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French election shows changing attitudes in Europe

Josh Brody, Columnist

On April 23, 2017, France held the first round of its presidential election narrowing the field to two candidates: Emmanuel Macron of the center-left "En Marche!" party and Marine Le Pen of the right-wing National Front. The two will face-off on May 7 to determine the presidency. Although foreign elections are not heavily followed by U.S. media, this one is notably similar to the election in the United States this past November and could also be a turning point for Europe.

Although Macron is not a political veteran to the extent of Hillary Clinton, he represents globalism, free markets and a liberal immigration policy. He is a former investment banker who was Deputy-Secretary General from 2012 to 2014 and Minister of Economy, Industry and Digital Affairs from 2014 until 2016.

Le Pen, on the other hand, promotes a protectionist economy, secularism, and the closing of French borders for additional immigration. She wants France to withdraw from the European Union. The National Front Party was once considered a fringe far-right party with antisemitic and racist undertones. Jean-Marie Le Pen, Marine's father and the party's founder, once said that the gas chambers of the Holocaust were "just a detail in the history of World War II." The younger Le Pen has made several efforts to improve the image of the party including removing her father from the party and branding the National Front as the protector of the working class and restorer of historical greatness to France, essentially a policy of "Make France Great Again." Her efforts have paid off tremendously. A party that was once considered a radical and insignificant group gained a majority of France's seats in the European Parliament in 2014 and now has the opportunity to hold the presidency.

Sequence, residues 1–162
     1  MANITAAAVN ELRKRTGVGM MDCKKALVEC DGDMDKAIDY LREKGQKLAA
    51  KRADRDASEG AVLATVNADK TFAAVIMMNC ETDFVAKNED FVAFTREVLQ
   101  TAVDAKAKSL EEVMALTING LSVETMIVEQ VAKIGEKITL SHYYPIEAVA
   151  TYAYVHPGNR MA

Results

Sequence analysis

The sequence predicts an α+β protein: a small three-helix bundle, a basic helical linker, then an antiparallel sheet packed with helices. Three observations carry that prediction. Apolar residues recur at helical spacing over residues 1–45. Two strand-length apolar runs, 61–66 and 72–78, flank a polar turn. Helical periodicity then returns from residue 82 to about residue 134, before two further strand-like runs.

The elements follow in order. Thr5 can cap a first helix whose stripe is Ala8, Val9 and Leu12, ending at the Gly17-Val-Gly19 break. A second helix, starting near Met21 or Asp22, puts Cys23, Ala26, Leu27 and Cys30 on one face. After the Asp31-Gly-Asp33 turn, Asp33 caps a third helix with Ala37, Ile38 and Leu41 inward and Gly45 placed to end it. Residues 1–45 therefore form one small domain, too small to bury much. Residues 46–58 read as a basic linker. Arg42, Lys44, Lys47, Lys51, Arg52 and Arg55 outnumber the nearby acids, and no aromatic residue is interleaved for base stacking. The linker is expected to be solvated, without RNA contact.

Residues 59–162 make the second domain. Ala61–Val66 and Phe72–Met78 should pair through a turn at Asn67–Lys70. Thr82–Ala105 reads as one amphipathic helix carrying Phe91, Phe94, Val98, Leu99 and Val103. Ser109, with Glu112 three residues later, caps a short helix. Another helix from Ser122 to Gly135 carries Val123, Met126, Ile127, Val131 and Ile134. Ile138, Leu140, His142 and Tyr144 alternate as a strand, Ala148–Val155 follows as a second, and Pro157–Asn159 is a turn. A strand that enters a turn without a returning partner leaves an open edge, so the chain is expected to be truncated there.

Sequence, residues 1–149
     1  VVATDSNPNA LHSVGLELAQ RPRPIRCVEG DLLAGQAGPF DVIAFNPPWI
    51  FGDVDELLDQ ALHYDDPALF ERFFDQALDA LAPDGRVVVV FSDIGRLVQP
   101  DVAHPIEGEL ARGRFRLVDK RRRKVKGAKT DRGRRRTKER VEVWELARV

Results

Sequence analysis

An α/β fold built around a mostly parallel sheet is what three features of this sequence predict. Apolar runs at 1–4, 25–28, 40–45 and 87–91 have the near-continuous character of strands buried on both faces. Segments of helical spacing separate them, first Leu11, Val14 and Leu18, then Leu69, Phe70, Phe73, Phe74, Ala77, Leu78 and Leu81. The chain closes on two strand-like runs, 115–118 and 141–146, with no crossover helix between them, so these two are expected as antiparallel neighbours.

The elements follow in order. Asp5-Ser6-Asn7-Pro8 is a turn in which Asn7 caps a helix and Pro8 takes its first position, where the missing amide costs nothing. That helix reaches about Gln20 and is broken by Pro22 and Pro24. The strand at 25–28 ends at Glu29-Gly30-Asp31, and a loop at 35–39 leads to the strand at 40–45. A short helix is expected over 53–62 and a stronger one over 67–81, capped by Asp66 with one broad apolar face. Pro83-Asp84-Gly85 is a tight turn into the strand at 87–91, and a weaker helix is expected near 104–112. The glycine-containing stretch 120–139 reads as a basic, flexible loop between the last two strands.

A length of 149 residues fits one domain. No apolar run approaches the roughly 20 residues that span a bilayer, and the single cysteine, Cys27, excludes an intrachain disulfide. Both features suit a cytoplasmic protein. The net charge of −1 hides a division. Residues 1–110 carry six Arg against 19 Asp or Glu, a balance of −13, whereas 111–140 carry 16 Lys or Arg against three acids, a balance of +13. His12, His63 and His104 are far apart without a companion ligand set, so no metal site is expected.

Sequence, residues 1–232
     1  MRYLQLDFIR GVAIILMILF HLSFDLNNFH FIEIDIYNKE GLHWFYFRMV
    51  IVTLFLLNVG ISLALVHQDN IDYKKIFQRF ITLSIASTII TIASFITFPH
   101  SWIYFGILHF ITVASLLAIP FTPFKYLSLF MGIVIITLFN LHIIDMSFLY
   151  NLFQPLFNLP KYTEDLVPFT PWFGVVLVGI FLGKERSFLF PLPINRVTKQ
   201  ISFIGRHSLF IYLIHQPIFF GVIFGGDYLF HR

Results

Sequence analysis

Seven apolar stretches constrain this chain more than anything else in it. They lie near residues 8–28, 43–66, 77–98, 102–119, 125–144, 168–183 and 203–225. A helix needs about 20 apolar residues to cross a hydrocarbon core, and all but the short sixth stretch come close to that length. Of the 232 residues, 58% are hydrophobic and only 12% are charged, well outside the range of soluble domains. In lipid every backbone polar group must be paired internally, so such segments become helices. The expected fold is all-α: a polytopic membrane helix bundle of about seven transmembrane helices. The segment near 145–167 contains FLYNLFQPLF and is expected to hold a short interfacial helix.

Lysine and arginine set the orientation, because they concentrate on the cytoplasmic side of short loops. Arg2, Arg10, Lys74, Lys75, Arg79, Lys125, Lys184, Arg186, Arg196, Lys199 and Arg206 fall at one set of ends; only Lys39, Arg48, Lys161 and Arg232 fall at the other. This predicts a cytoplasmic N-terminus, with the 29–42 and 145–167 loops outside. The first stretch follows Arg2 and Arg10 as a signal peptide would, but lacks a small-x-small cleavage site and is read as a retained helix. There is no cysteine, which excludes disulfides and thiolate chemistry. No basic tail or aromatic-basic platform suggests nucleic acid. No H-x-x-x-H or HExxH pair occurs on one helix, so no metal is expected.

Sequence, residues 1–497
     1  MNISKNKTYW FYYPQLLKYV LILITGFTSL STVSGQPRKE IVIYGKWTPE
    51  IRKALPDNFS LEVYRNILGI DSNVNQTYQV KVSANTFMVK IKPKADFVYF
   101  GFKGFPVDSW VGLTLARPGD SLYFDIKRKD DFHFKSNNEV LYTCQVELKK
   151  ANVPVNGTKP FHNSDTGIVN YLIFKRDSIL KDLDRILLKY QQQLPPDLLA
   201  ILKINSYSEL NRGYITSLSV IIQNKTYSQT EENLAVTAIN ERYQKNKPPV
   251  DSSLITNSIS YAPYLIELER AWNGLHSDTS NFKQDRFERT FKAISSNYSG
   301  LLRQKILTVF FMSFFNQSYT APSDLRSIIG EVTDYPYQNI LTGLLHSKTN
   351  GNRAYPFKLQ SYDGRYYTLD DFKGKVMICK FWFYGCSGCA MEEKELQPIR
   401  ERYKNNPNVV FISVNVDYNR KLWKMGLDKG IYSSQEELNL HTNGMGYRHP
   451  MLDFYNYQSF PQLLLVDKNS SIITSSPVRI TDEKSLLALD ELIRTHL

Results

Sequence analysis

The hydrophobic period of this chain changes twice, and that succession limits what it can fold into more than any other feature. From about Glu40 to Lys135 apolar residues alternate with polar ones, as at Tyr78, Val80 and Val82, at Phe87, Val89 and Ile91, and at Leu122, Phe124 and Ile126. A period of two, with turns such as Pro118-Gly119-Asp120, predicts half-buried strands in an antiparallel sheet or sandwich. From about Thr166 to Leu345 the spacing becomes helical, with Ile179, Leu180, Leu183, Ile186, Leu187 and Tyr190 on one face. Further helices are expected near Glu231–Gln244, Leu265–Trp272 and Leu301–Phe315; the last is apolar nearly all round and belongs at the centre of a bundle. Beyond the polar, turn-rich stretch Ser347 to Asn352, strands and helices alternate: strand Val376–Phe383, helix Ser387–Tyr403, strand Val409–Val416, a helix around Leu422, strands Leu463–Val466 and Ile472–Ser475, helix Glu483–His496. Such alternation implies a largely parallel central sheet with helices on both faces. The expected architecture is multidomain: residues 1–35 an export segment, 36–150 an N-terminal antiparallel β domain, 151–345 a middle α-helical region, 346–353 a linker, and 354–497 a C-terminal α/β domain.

Although neither candidate is entirely similar to Hillary Clinton or Donald Trump, this runoff election is very similar to this past November's in the U.S. Far left candidates such as Bernie Sanders in the US and Jean-Luc Melenchon of France were defeated early on, leaving center-left Clinton and Machon, and right-wing Trump and Le Pen.

France is facing many serious economic and security concerns including high unemployment among youth, Islamist terrorism and generally high levels of crime in certain areas. Le Pen favors a hardliner protectionist approach which includes increasing border security, reducing immigration and potentially leaving the European Union and NATO. To some extent, Le Pen resembles Trump's intentions to build a wall between Mexico and the U.S., reduce travel and immigration from certain countries and leave international agreements such as NAFTA. Will this hardliner, protectionist approach be what it takes to alleviate the problems that plague France, Europe and the world? Only time will tell.